Afghan opposition candidate making U.S. media rounds

Abdullah Abdullah, the candidate facing Afghan president Hamid Karzai in a runoff election in November, said that he will remain in opposition instead of joining Karzai’s government if the incumbent wins another term.

“My trust in becoming a candidate was not to be part of the same government, part of the same deteriorating situation," Abdullah said in an interview for CNN’s Sunday “State of the Union.” CNN posted his comments in an online article.

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The Obama administration as well as key lawmakers hope that the runoff would produce a legitimate government after a massive rigging of ballots discredited the first-round vote in August. The Obama administration is currently weighing its strategy in Afghanistan and Pakistan, and considering whether to send more U.S. combat troops to Afghanistan.

President Barack Obama is expected to reach a decision in the next several weeks. But the Afghan presidential election clouded by fraud has prompted questions within the Obama administration over whether to continue committing troops and money to support a government fraught by corruption.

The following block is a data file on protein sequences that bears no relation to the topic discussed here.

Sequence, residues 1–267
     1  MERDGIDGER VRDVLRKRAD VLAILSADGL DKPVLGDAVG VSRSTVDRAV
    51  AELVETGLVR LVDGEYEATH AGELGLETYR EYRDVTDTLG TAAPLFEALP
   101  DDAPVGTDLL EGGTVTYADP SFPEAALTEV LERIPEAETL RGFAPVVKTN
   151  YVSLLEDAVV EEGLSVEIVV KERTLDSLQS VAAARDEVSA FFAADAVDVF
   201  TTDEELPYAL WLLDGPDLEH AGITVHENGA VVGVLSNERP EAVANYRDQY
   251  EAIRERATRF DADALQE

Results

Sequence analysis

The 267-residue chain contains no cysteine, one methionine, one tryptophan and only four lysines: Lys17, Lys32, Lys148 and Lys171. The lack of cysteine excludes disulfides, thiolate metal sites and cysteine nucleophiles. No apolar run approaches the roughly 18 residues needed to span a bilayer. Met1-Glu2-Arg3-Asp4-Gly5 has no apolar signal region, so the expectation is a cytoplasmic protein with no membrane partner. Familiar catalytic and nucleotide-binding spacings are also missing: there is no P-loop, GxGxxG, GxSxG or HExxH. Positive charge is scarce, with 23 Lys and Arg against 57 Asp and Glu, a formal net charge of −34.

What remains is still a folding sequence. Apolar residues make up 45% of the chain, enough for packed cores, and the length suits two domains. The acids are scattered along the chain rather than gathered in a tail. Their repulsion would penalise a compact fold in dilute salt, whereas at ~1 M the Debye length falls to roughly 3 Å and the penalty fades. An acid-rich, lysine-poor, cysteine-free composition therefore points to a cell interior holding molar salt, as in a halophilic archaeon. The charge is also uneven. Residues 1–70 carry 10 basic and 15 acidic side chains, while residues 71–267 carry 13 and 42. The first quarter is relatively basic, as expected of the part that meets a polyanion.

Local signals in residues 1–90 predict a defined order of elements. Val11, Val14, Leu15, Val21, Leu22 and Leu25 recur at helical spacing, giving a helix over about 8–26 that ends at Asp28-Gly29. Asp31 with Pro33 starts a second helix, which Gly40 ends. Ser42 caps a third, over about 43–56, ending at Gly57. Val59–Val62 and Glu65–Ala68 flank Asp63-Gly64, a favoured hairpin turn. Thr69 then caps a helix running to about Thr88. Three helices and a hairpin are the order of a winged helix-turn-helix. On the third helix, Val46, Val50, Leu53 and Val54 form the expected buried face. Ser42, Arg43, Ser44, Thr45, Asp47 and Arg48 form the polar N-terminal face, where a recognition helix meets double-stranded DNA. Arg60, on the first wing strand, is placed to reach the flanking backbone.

Abdullah, who served as foreign minister in Karzai's government until quitting nearly four years ago, said that the government had interfered in the August vote.

If Karzai wins the Nov. 7 vote "as a result of a transparent and credible process," Abdullah said, "I will be in the opposition pursuing the agenda for change."

Abdullah is represented in Washington by BlackBear Communications. The group was hired to get Abdullah media exposure in the United States during the first round of the election, according to documents filed with the Department of Justice’s Foreign Agents Registration Act (FARA). It is yet unclear what role BlackBear will play in the runoff but the FARA registration is still active.


Abdullah is also appearing on "Fox News Sunday."